Posted: May 28, 2012 at 11:18 pm | Tags: Ean Higgins, marriage equality, media, politics, The Australian
I’m 100% certain you’re reading this post because you’re looking for more salacious (or what you think is salacious and I actually think is my own private life and opinions) commentary on how my husband and I are agitating for something we’re not.
Let’s get a few things REALLY clear. We’re not “the power couple” of Australia’s polyamorous community – we’ve never made any claim to that title and we specifically told you when you interviewed us that we hold no positions and are currently not on the committee of Poly Vic. You are the one who has identified us as leaders in the poly community despite that not being the case. Today (28 May) you called my husband “one of the polyamorous community leaders” which he also has made no claim to be. I last held a role with the Poly Vic Committee (President) in 2010, and my husband left the committee some years before that.
It may really disappoint you to learn, but we are not special, we are not powerful, we are ordinary people living fairly ordinary lives. We do not speak for the poly community either here in Victoria, or in Australia, and your repeated suggestions that we do are getting a bit old.
The other thing that is getting a bit old is what I perceive to be your willingness to distort facts and even quotes from the two of us. First you misquote my blog by removing a plural – necessitating additional text from you to explain what I meant. My original quote:
I’ve built a house with my husbands and my husband’s boyfriend so there are 4 of us living together in nice harmony.
Your take on my quote (added text in parenthesis):
I’ve built a house with my husband and my husband’s boyfriend so there are four of us living together in nice harmony. (The fourth household member is Rebecca’s boyfriend.)
What you clearly didn’t understand when you first found my quote, was that I refer to my other male partner as my de facto husband. See, now it’s not too hard to parse my original writing. Last time I checked a direct quote was actually supposed to be the text that you’re quoting, not something that approximates said text.
Secondly, your article today suggests that my husband wrote a blog post about The Greens and their position on polyamory. You don’t detail the fact that my husband is not a spokesperson for Greens. You don’t detail the fact that the text you lifted was as a comment on someone else’s blog post.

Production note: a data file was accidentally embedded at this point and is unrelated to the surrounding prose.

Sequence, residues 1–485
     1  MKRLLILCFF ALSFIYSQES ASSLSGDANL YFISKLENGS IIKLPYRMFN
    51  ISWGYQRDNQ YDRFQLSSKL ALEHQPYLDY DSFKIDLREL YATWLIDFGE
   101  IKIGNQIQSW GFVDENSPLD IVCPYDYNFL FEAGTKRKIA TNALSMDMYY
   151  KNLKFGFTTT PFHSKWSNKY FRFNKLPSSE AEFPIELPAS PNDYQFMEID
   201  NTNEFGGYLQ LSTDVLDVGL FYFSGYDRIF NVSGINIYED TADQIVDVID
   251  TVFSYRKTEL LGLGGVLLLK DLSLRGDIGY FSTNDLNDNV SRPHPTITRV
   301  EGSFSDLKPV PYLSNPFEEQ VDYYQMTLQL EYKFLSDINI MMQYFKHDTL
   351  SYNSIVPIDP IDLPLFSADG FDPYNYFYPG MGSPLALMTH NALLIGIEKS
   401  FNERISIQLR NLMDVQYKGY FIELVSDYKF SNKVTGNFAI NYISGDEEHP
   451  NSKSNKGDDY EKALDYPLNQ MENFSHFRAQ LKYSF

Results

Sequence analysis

You’ve misrepresented us and our submissions to the Senate Committee on Marriage Equality. I no longer have any respect for you and in fact am very disappointed in the way you have conducted yourself and this non-story. Not that that will bother you of course.
Posted: May 22, 2012 at 7:15 am | Tags: equal marriage, lgbtiq, media
I am very disappointed and upset that I was so badly misrepresented in the article written by Ean Higgins and published in The Australian 21 May 2012. There are factual inaccuracies and inferences in the article which I would like corrected.
The headline was a deliberate attempt to mislead readers into thinking my submission to the senate supported polyamorous marriage when in fact it did no such thing. My submission, which has been publicly viewable on my personal blog since 12 March 2012, was in favour of equal marriage for same sex attracted couples, similar to many other submissions in favour. There was no mention of polyamory, and in my discussions with Ean Higgins I believed that I was clear that my submission was not in favour of introducing polyamory, but in favour of marriage equality for same sex attracted couples. I am not championing polyamorous marriage.
Furthermore, I do not speak for the poly community in Australia and any suggestion that I do so is a complete fabrication.
I would like these corrections to be noted by The Australia as the inference that I am lobbying for polyamory to the current Senate Committee on Marriage Equality is both factually incorrect and not representative of my submission.
Posted: May 15, 2012 at 10:03 pm | Tags: ALC, Christianity, equal marriage, identity, lgbtiq, parents, Religion
So the ACL put out a press release today claiming that the “gay activists” (yes I know, I’m one too, I want to know who isn’t apart from the ACL), was claiming victory over the (voluntary as far as we know) resignation of Professor Kuruvilla George from the Victorian Human Rights and Equal Opportunities Commission. For those who haven’t been following Australian Politics (and I completely get that), Professor Kuruvilla George co-signed a submission to the Australian Senate Enquiry into equal marriage suggesting that children should be brought up in a heterosexual unit as that was the most appropriate family unit and that no studies have ever found that having same sex parents is good for children. Yes, I know.
The submission was listed as “Doctors for the Family” and is available here.